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John James, founder of The Grief Recovery Institute

John W. James

Founder of The Grief Recovery Institute®
Co-Author of The Grief Recovery
Handbook & When Children Grieve

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Six Major Myths – The Short Version

There are six major myths about grief that are so close to universal that nearly everyone can relate to them. This is true not only for those of us raised and socialized here in America, but for people from different cultures and different languages around the world. Here are the Six Myths of Grief as they appear in The Grief Recovery Handbook and When Children Grieve.

  • Don't Feel Bad
  • Replace the Loss
  • Grieve Alone
  • Grief Just Takes Time
  • Be Strong - Be Strong For Others
  • Keep Busy
When these myths are exposed, most people realize that they’ve been influenced by them most of their lives, but have never taken a critical look at them to see if they are accurate or helpful. While our parents and others may have inadvertently passed on life-limiting rather than life-enhancing information to us on the topic of grief and what to do about, we know that there was no intent to harm us. Over time we will present full-scale articles on each of the six myths. But for now, we want you to have at least an awareness of the six myths so when you see references to them in our other articles, you’ll understand what they mean. The Six Major Myths Are Learned Early In Life A great deal of the information and misinformation we learn in childhood stays with us for the rest of our lives. Nowhere is this more evident—and more unhelpful—than in the area of grief and what to do about it. Grief is the normal and natural reaction to loss, but nearly everything we learn about dealing with grief is not normal, not natural, and not helpful. Here are the six most common, unhelpful myths about dealing with loss. We want you to look at them and see if you need to discard them and learn better ways of dealing with your emotions when you are affected by the death of someone meaningful to you. Myth #1 - Don't Feel Bad! [also, Don't Feel Sad! & Don't Be Scared!]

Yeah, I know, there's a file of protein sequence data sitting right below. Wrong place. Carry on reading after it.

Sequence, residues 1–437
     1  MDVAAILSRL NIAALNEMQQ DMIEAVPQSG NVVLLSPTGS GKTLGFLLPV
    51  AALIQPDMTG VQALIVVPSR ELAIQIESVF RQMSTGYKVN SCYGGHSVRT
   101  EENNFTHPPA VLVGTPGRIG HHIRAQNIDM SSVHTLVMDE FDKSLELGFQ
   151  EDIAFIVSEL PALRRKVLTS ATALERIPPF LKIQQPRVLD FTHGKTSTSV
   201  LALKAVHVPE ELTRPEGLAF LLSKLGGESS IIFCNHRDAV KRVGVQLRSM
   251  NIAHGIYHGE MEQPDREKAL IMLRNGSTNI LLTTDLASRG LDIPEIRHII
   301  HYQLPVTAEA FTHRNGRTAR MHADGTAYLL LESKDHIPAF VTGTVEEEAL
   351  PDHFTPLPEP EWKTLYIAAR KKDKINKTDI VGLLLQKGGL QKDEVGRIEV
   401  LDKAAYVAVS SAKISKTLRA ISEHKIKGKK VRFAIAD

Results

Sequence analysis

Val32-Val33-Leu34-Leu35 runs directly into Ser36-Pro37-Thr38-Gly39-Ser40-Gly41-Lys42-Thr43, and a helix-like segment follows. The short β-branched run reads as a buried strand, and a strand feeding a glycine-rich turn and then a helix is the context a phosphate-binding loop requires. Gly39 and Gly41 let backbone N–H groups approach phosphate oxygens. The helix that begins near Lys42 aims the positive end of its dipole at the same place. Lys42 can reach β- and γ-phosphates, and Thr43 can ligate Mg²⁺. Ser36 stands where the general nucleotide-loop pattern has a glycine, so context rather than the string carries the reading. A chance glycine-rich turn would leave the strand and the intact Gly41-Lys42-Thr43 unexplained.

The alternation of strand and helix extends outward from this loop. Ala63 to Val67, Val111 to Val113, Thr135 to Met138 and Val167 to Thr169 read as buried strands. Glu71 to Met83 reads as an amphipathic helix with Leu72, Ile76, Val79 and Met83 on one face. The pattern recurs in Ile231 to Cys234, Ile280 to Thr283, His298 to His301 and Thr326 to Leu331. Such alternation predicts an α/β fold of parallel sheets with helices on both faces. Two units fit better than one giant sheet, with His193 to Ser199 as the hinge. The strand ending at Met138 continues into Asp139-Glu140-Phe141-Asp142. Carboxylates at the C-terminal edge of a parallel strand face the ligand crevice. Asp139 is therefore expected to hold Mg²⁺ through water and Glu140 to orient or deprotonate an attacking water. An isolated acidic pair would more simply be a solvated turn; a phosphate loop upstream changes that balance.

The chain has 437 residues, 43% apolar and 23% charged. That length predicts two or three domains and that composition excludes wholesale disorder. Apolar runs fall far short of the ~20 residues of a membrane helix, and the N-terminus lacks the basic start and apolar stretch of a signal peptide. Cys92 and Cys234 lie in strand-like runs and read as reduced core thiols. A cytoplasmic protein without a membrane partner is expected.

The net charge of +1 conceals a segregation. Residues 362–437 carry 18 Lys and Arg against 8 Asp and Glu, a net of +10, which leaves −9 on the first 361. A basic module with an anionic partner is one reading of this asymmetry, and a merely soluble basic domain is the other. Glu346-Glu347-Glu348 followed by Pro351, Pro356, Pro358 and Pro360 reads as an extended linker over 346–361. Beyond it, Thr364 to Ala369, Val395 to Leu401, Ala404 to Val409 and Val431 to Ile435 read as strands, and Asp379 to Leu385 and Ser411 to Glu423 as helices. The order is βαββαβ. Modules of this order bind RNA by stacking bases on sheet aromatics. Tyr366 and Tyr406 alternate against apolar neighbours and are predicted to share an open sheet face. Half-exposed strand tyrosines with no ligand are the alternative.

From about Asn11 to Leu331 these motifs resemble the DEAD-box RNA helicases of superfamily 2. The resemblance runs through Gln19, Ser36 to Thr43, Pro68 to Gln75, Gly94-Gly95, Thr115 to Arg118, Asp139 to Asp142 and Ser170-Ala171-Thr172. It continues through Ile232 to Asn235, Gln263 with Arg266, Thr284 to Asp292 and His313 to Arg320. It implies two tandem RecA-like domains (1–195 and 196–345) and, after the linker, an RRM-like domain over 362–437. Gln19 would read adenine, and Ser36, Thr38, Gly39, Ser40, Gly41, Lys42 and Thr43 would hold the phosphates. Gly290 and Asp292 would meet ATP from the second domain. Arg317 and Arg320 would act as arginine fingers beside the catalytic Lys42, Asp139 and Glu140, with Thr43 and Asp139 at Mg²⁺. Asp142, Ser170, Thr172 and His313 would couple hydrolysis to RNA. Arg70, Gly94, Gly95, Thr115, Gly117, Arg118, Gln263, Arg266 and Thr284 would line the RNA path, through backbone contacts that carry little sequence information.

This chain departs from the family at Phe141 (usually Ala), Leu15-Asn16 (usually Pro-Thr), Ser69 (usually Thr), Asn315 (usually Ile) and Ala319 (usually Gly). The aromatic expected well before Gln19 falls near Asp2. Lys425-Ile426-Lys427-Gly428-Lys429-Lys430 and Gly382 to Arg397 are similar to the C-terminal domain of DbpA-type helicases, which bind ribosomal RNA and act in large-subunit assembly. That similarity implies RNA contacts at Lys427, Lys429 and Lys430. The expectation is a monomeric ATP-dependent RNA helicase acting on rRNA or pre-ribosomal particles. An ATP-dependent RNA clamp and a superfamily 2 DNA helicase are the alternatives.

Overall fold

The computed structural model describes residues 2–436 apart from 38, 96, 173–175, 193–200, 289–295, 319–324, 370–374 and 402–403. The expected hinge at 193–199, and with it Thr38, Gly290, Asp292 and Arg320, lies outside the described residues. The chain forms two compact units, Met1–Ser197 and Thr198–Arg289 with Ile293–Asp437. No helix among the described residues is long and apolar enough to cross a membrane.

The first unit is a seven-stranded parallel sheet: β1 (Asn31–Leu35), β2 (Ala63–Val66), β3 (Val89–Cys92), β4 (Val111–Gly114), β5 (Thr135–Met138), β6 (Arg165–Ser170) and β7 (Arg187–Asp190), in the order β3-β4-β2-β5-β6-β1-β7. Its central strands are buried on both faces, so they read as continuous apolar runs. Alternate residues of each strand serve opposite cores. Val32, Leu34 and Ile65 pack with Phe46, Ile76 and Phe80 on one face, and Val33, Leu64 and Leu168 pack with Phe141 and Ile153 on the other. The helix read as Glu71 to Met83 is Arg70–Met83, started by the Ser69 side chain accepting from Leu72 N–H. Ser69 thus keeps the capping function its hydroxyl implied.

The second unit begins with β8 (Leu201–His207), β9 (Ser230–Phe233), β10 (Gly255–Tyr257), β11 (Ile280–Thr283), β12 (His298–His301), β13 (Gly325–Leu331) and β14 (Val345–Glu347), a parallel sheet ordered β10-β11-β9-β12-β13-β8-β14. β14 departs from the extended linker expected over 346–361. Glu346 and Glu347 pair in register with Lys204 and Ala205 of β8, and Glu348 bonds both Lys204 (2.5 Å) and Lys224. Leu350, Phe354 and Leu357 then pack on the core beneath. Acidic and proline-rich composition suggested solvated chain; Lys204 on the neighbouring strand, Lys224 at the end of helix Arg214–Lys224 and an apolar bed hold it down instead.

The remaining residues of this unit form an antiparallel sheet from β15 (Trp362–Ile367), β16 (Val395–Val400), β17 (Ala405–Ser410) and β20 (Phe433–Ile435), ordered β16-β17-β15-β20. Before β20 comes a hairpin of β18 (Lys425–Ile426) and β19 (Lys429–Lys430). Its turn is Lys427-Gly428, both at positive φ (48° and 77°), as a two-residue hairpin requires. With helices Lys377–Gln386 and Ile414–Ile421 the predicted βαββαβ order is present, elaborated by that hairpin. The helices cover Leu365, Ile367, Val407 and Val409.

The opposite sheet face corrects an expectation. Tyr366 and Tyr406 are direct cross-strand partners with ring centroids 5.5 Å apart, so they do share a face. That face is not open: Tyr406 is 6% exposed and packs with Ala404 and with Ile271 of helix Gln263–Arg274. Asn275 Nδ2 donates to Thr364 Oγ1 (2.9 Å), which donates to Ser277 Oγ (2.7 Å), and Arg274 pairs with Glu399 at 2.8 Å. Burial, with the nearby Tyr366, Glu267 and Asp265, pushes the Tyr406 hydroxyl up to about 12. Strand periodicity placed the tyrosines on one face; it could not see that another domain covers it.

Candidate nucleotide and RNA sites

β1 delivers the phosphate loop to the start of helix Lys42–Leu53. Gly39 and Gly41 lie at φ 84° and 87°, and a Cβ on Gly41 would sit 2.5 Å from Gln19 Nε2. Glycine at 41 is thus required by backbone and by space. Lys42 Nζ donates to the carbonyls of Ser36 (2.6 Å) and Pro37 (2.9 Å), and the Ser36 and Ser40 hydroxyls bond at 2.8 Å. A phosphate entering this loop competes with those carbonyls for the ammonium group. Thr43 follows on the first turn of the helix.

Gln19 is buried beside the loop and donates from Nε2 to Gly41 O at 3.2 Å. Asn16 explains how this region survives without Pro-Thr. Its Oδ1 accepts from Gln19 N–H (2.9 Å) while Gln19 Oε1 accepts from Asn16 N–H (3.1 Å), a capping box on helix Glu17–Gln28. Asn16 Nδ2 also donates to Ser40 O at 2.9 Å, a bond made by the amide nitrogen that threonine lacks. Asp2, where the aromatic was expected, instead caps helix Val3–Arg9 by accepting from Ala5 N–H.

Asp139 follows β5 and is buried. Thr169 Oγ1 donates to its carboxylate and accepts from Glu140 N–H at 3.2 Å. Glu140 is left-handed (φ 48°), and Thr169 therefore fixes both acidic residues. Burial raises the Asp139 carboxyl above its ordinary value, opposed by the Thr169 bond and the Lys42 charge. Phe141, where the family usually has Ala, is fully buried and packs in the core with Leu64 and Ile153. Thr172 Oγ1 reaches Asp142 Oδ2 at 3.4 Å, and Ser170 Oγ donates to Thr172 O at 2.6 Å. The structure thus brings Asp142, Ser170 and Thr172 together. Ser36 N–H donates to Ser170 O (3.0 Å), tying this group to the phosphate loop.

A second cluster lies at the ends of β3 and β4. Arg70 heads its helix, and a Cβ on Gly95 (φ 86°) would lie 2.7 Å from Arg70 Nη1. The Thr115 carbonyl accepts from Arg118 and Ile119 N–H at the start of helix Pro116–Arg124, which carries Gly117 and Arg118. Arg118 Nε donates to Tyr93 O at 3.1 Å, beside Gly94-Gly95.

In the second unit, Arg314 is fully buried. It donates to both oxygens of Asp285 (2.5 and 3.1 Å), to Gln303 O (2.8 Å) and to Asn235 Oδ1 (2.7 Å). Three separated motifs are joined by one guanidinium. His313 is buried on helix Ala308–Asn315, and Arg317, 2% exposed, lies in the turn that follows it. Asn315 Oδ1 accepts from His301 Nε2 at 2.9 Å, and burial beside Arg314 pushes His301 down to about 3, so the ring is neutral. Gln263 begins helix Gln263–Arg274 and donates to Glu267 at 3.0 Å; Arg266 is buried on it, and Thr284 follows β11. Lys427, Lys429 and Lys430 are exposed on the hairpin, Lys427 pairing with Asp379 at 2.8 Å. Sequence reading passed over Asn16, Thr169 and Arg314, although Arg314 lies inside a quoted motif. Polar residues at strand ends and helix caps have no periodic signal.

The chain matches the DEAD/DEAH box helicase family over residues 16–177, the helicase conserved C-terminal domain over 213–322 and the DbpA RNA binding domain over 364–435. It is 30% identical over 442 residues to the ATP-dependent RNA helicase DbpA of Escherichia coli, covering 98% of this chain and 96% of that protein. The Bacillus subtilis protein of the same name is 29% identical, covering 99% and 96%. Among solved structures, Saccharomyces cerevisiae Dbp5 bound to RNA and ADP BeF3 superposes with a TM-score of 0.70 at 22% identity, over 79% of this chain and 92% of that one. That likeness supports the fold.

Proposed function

Even though grief and all of the feelings associated with it are normal and natural, children are constantly told not to feel the way they feel. This automatically puts them in conflict with the truth, in conflict with their own nature, and indeed, in conflict with the parents and guardians who are supposed to help them.

To illustrate, we use the story of a child who comes home from pre-school with tears in her eyes. Her mom or dad asks what happened?, and the child responds, “The other little girls were mean to me.” To which the parent says, “Don’t Feel Bad, here have a cookie, you’ll feel better.” In reality, the cookie doesn’t make the child feel better, it makes her feel different. She has merely been distracted from her hurt feelings. And, she has been told by her parents whom she trusts, not to feel bad. She has also been taught that when she feels bad she should medicate herself with a substance, in this case, sugar.

She has also been taught that feeling bad or sad is bad rather than a normal emotional reaction to a loss, no matter how small or large it may seem. From that point forward, the little girl is liable to start not telling the truth to her parents [and others] and begin burying her sad or painful feelings.

Sadness, and fear are the most common emotional reactions attached to loss of any kind. They are essential to being human. They must have equality of expression. This must start in childhood and continue throughout our lives.

Myth #2 - Replace the Loss

Children hear "replace the loss" as the second section of a phrase which everyone knows - "Don't Feel Bad, On Saturday We'll Get You a New Dog." In reality, while we can get another dog, the irreplaceable element is the relationship with the dog who died.

Sadly the concept of replacing the loss continues in full force. When a teenager's first romantic fling ends, the child is likely to be told - "Don't Feel Bad, There Are Plenty of Fish In the Sea." Freely translated; "replace the loss" - just go get another boyfriend or girlfriend.

Most of the time when your mother or father dies, you don’t hear, “Don’t Feel Bad, you can get another mother.” But we can’t tell you how many widows and widowers have told us that well-meaning friends said, “Don’t feel bad, you’re young you can remarry.”

The essential fact remains that you cannot replace relationships, so you must first grieve and complete your relationship with the person who died, regardless of whether you ever wish to remarry or to expand your relationships with people who might be like your mother or father or anyone else who died.